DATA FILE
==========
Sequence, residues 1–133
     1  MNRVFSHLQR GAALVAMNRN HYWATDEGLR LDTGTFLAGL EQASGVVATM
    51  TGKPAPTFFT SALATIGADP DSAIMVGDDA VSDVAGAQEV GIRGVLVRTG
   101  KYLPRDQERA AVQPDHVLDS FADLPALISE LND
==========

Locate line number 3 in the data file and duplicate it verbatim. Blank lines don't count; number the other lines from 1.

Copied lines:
    51  TGKPAPTFFT SALATIGADP DSAIMVGDDA VSDVAGAQEV GIRGVLVRTG